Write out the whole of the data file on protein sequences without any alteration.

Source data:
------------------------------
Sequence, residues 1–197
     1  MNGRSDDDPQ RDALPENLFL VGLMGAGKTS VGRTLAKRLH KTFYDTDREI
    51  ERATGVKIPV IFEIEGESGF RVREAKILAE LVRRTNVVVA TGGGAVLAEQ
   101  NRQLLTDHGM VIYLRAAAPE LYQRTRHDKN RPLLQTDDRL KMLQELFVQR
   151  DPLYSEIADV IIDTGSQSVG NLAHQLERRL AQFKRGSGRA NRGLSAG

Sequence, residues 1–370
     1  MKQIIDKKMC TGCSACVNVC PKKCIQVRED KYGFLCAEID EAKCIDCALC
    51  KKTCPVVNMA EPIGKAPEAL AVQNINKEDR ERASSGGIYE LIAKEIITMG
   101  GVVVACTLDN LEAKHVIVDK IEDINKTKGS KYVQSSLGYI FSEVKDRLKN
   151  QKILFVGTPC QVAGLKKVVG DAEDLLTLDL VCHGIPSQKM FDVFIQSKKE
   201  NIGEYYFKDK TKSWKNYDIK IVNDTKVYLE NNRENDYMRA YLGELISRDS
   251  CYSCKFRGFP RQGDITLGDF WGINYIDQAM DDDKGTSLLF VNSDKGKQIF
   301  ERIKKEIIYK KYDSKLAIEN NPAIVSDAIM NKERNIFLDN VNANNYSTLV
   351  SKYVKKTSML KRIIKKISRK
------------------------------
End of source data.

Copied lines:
Sequence, residues 1–197
     1  MNGRSDDDPQ RDALPENLFL VGLMGAGKTS VGRTLAKRLH KTFYDTDREI
    51  ERATGVKIPV IFEIEGESGF RVREAKILAE LVRRTNVVVA TGGGAVLAEQ
   101  NRQLLTDHGM VIYLRAAAPE LYQRTRHDKN RPLLQTDDRL KMLQELFVQR
   151  DPLYSEIADV IIDTGSQSVG NLAHQLERRL AQFKRGSGRA NRGLSAG

Sequence, residues 1–370
     1  MKQIIDKKMC TGCSACVNVC PKKCIQVRED KYGFLCAEID EAKCIDCALC
    51  KKTCPVVNMA EPIGKAPEAL AVQNINKEDR ERASSGGIYE LIAKEIITMG
   101  GVVVACTLDN LEAKHVIVDK IEDINKTKGS KYVQSSLGYI FSEVKDRLKN
   151  QKILFVGTPC QVAGLKKVVG DAEDLLTLDL VCHGIPSQKM FDVFIQSKKE
   201  NIGEYYFKDK TKSWKNYDIK IVNDTKVYLE NNRENDYMRA YLGELISRDS
   251  CYSCKFRGFP RQGDITLGDF WGINYIDQAM DDDKGTSLLF VNSDKGKQIF
   301  ERIKKEIIYK KYDSKLAIEN NPAIVSDAIM NKERNIFLDN VNANNYSTLV
   351  SKYVKKTSML KRIIKKISRK